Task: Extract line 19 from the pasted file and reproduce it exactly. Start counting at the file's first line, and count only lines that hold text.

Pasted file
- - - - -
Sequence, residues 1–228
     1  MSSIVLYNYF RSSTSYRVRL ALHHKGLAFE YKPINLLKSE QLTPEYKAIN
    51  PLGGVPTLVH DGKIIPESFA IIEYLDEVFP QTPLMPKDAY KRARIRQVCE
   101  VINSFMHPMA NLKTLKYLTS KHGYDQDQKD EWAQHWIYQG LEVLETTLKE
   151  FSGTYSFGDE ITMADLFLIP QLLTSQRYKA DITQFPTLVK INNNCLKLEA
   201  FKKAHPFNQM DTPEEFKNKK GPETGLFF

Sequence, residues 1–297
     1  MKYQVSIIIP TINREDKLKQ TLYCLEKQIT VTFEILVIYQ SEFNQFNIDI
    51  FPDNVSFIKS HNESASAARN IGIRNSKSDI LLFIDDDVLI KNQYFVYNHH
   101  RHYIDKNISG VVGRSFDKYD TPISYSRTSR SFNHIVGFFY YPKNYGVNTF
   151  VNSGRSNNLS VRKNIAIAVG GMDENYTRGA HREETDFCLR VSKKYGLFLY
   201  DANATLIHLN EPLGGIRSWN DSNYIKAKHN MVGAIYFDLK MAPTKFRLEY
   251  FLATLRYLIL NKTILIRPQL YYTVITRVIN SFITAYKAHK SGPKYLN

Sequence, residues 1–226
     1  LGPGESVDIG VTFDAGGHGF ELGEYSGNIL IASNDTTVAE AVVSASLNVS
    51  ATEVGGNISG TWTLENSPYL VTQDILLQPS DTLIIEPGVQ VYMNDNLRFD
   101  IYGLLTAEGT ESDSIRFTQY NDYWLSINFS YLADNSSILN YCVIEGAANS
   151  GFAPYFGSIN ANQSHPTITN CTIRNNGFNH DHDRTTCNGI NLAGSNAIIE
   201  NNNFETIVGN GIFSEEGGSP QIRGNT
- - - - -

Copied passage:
   201  NNNFETIVGN GIFSEEGGSP QIRGNT